Vermonters weigh pandemic future; Middlebury College will require fall vaccinations

Doctors in the state say the pandemic is evolving and peoples' response should keep evolving as well depending on the state of the pandemic
Published: Jul. 13, 2022 at 9:03 AM EDT
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MIDDLEBURY, Vt. (WCAX) - The future of the coronavirus pandemic is unclear, but vaccines and changing policies seem certain.

Middlebury College leaders are tracking the data and making policies based on what they see.

That’s why this fall, students and staff will still be required to be vaccinated unless there is a medical or religious exemption.

“When we do think it’s going to benefit the majority of people on our campus and in our community, we would go ahead and mandate it if it’s in accordance with the CDC and Department of Health,” said Dr. Mark Peluso, Middlebury College’s chief medical officer and college physician.

For the 2022-2023 school year, primary round and booster shots of the COVID-19 vaccine are required to attend school.

But COVID changes fast, so Peluso says they try to plan ahead and be flexible. That can mean mask requirements or recommendations, grab-and-go dining or relaxed guidance.

“We look at the current prevalence in the community,” Peluso said. “What’s going on in the health care system and we act accordingly.”

Dr. Tim Lahey, an infectious disease expert with the University of Vermont Medical Center, says there are going to be peaks and valleys during the pandemic.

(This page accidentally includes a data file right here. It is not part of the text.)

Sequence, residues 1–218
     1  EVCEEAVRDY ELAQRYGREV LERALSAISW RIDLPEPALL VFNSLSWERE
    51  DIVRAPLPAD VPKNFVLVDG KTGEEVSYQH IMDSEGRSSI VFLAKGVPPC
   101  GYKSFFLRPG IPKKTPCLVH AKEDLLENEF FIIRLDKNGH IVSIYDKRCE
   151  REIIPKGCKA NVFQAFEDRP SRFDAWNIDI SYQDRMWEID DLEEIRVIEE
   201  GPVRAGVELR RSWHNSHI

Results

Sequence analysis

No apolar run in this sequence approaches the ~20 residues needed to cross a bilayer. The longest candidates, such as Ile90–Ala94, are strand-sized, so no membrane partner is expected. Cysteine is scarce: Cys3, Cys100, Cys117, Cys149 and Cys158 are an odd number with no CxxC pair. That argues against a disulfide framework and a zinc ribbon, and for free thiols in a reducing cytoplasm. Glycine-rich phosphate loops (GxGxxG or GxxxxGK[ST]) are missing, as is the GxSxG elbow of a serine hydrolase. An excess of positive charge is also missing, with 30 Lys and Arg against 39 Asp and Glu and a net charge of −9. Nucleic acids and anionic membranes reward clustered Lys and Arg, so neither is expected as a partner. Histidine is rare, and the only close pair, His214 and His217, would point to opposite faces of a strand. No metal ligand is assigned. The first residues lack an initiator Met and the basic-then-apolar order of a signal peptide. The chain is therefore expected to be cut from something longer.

Moving forward, it’s important to think about how people personally approach the pandemic.

“Like how much it impacts our lives, to how much it should, how much threat there is to people we care about,” said Lahey.

Lahey says that means watching hospitalizations and the severity of illness as the virus spreads. It also means watching variants and subvariants to figure out whether they have patterns in severity and transmission. And doctors are deciding about booster shots.

“We need to know how they impact infection and more importantly how they impact severe illness,” said Lahey.

Future boosters for all age groups will hinge on the data doctors get about severe illness, which is still rolling in.

He recommends taking precautions that make you and those around you feel comfortable as cases rise and fall and remembering to focus on those you trust, like your doctor.

“On any day of the year, I don’t care how many years the pandemic is going on, I care about living a good life, and I care about taking care of my neighbors and you know what, I can do both,” Lahey said.

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